"Doctors and health care providers are often willing to negotiate on the amount of debt owed," says Lynnette Khalfani-Cox, author of "Bounce Back: The Ultimate Guide to Financial Resilience."

"They would rather receive partial payment than no payment at all, and therefore are open to discussing lower lump-sum payments or interest-free payment plans," she adds. "It's not uncommon for providers to accept as little as 25 to 50 cents on the dollar of what you owe."


6. Ask for financial aid or charity assistance. If you are unable to manage a large medical bill, be candid with the medical provider. Assistance may be available.

"If you have a large medical bill to a hospital, be sure to reach out to their financial aid office or charity care program," says Jay Zigmont, a Certified Financial Planner and founder of Childfree Wealth in Water Valley, Mississippi. "Most nonprofit hospitals have a program to forgive medical debt if you meet their requirements.

"If you qualify for Medicaid, you may be eligible to have retroactive medical bills covered."

"They may also offer you a payment plan. I worked with a client who owed six figures to a hospital. The client contacted the hospital and was put on a payment plan of $20 per month, indefinitely. It sounds silly, but it happens."

7. Look for help from advocacy organizations. If you feel overwhelmed by medical debt, reach out to advocacy organizations or government agencies such as Medicaid.

"There are several organizations such as RIP Medical Debt, HealthWell Foundation and the Patient Advocate Foundation that work with individuals to help pay off medical debts," Khalfani-Cox says. "Also, if you qualify for Medicaid, you may be eligible to have retroactive medical bills covered. It's worth exploring these options if you have a disease that's left you struggling with medical debt."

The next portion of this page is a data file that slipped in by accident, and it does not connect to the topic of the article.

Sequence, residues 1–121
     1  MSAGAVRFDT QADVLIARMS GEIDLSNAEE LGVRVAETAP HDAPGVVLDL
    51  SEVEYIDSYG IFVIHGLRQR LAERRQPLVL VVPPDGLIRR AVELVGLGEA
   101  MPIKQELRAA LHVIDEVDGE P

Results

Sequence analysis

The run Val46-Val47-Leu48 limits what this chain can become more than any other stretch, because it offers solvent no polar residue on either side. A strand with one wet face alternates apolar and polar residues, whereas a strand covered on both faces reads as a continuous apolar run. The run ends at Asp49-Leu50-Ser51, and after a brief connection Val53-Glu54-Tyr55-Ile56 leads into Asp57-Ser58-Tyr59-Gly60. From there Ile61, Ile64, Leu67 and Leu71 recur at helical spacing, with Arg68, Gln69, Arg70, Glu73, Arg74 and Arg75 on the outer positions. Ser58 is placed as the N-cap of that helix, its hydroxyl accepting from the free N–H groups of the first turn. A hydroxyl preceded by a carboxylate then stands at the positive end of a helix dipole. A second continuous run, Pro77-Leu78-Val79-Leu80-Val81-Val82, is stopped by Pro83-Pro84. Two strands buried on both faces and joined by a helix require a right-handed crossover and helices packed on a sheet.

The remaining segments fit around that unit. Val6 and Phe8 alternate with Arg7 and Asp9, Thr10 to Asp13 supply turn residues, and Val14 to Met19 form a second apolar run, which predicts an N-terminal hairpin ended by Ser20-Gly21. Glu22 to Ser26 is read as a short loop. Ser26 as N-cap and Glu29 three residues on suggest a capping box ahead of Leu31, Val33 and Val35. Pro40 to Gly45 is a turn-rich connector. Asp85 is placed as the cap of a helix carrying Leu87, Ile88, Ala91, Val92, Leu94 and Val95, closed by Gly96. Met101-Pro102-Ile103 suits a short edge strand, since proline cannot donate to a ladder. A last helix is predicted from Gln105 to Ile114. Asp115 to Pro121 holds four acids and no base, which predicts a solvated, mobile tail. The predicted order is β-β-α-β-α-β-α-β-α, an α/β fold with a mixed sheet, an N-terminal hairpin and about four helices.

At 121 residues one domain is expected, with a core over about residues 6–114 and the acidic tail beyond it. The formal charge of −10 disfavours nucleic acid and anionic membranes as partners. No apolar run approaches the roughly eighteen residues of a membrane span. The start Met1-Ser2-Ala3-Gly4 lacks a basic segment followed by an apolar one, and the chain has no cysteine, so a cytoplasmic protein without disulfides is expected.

8. Catch a credit break on medical debt below $500. Medical debt below $500 that is in collections will no longer be reported on your credit report. So if you slip up on paying a small medical bill and it goes to collection, you don't have to worry about it hurting your credit rating.

"Medical debt below the $500 threshold doesn't hurt your credit rating anymore."

"Fortunately, medical debt below the $500 threshold doesn't hurt your credit rating anymore. Since the first half of 2023, the three major credit reporting agencies, Equifax, Experian and TransUnion, no longer include medical debt in collections under $500 on credit reports," Khalfani-Cox says.

"This change is part of a broader shift in how these agencies are handling medical debt reporting," she adds. "They also no longer include paid medical debts on credit reports since July 1, 2022, and they've increased the period before medical debt in collections appears on your credit reports from six months to one year."

Lucy Lazarony is a freelance journalist living in South Florida who writes about personal finances, the arts and nonprofits. Her writing Is featured on Next Avenue,,, and the National Endowment for Financial Education. She previously worked as a staff writer at Read More